Central Banks free up $0.5tr by lifting of stress measures. Emerging Markets under pressure.
Consumer confidence remains low, which may hinder economic recovery as demand will be taking the driving seat. The EU and US will be looked to drive this recovery in demand, as between them they account for 35% of global demand. By generating demand, policymakers can get real economies going again. In comparison China’s economy is primarily supply orientated, so analysts and commentators will be focused more on the EU and US in this regard.
India is reducing its exports in an attempt to bolster their own economy. In the UK economic conditions may be bleaker than their European counterparts as they were slower to respond to the outbreak. Spain is implementing a basic income scheme and Japan is on the verge of a state of emergency after recording a second wave of coronavirus cases – something the WHO is very worried about happening globally.
Over the weekend $0.5tr has been freed up by Central Banks due to the lifting of stress measures that were implemented after the previous financial crisis. Freeing capital buffers and postponing stress tests has allowed additional cash to be made available. In another example of the contrast between how the EU and US are tackling the crisis, 60% of this $0.5tr has been freed up by EU Central Banks, while only 3% has come from the US. Since the EU is not a fiscal union, it is pushing money to the real economy through the banks, where the US can put money in people’s pockets. The EU has to take a multi-factor approach to stimulating the real economy in the absence of a fiscal union, including potentially accessing different options available directly to governments through different mechanisms so long as strict measures and spending limits are adhered to – similar to the spending levels Ireland had to maintain post-2008 crisis.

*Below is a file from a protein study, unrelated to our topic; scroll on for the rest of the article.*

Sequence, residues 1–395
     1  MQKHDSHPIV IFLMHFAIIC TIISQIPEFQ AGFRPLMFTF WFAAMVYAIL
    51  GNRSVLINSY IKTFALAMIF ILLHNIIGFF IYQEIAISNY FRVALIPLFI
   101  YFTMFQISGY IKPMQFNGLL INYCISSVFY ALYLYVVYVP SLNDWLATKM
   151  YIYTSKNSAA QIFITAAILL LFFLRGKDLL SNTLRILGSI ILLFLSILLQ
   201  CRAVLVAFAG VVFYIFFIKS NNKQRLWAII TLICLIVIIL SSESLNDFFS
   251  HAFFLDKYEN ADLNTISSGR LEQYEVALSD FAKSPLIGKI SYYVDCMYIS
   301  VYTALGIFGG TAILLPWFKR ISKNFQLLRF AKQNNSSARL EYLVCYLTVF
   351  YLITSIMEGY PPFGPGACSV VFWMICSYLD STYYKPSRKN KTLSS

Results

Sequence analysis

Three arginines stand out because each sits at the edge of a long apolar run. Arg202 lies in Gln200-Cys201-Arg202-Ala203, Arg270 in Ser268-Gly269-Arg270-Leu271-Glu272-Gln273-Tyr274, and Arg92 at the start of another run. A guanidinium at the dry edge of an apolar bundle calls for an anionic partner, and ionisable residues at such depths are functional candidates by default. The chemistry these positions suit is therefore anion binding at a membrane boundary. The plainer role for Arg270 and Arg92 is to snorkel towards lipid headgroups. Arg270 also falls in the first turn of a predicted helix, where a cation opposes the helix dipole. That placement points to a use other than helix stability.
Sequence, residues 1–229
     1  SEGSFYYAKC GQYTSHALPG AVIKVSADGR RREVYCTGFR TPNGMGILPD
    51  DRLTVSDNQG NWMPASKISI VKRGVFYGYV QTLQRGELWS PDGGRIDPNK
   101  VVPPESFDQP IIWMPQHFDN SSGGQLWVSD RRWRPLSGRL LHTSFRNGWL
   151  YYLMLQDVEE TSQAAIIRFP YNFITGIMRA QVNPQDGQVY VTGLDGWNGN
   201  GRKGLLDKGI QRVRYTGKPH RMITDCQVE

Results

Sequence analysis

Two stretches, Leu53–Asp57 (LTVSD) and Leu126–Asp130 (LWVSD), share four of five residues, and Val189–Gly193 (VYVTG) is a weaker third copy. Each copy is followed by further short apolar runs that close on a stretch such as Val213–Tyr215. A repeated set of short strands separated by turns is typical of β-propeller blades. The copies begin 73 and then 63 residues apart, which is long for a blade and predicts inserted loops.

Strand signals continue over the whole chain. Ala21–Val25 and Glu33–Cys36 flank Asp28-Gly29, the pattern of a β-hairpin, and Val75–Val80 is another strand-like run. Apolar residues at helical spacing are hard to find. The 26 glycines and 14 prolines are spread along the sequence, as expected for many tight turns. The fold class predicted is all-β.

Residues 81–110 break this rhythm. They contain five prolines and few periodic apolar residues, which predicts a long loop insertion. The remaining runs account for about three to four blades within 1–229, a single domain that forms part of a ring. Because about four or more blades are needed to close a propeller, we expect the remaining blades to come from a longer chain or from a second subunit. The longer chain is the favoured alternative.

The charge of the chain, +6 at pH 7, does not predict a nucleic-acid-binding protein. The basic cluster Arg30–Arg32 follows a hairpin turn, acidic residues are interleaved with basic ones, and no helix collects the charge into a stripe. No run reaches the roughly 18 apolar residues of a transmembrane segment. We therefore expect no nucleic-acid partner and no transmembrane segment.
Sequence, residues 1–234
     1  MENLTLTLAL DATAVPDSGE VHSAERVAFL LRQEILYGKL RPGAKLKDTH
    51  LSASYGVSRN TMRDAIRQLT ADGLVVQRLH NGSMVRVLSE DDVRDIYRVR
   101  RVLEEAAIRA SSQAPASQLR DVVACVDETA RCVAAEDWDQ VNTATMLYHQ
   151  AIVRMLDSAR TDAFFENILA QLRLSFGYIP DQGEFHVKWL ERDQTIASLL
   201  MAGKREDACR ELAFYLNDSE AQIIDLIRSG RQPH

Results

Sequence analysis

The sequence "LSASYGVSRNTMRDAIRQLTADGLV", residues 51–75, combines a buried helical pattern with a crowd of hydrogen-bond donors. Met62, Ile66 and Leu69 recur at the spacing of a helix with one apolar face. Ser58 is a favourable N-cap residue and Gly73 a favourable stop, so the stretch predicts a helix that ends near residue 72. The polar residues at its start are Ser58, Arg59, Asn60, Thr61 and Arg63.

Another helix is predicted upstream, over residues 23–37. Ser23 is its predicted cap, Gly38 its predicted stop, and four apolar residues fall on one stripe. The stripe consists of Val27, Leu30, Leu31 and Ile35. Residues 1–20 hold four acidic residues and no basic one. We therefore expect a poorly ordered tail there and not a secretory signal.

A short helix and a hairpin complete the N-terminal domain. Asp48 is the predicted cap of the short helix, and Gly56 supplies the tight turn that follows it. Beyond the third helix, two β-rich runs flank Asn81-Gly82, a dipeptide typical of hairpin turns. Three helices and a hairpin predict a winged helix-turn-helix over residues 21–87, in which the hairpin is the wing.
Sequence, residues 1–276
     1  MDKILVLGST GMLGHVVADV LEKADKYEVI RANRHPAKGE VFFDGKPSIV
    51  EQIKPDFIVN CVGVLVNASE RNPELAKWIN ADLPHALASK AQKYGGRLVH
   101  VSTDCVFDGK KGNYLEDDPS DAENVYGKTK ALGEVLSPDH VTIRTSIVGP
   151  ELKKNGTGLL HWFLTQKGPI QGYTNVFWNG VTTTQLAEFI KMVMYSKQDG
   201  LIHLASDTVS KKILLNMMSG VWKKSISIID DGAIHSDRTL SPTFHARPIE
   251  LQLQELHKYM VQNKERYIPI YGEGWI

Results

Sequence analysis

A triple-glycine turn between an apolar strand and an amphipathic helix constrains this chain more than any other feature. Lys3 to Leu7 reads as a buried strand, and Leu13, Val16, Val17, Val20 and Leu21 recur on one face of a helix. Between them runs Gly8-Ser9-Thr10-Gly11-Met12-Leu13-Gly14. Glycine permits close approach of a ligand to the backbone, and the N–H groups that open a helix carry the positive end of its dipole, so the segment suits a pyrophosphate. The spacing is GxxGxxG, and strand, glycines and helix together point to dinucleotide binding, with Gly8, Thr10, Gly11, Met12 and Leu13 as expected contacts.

Discord is emerging in the EU however, as the different member states have different views on how to best implement any lending mechanism.
Markets, ever looking forward, appear to be stabilising in the last day or so and futures are looking higher. Now markets are going to be looking out for weaknesses, at the those who are most likely to lose out during this crisis. Emerging markets are likely to suffer under current conditions since they tend not to drive demand. Combined with high debt, these economies will face increasing pressure as their economies recede.